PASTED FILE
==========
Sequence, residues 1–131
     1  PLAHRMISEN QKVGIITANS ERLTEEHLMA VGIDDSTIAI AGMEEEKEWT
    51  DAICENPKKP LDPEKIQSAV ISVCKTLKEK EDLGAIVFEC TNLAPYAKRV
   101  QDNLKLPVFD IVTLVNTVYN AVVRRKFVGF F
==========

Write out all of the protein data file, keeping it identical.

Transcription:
Sequence, residues 1–131
     1  PLAHRMISEN QKVGIITANS ERLTEEHLMA VGIDDSTIAI AGMEEEKEWT
    51  DAICENPKKP LDPEKIQSAV ISVCKTLKEK EDLGAIVFEC TNLAPYAKRV
   101  QDNLKLPVFD IVTLVNTVYN AVVRRKFVGF F